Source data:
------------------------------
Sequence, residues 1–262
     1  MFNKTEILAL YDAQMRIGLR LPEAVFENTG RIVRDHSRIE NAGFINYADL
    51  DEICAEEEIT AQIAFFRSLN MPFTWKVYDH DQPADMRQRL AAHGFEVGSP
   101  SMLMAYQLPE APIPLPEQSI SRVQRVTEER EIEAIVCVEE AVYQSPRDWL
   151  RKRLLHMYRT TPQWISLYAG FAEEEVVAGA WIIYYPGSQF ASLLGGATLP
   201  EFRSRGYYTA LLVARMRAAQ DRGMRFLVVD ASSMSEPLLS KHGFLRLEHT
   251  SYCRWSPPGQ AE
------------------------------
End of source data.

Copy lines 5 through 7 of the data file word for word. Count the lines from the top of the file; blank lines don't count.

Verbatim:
   151  RKRLLHMYRT TPQWISLYAG FAEEEVVAGA WIIYYPGSQF ASLLGGATLP
   201  EFRSRGYYTA LLVARMRAAQ DRGMRFLVVD ASSMSEPLLS KHGFLRLEHT
   251  SYCRWSPPGQ AE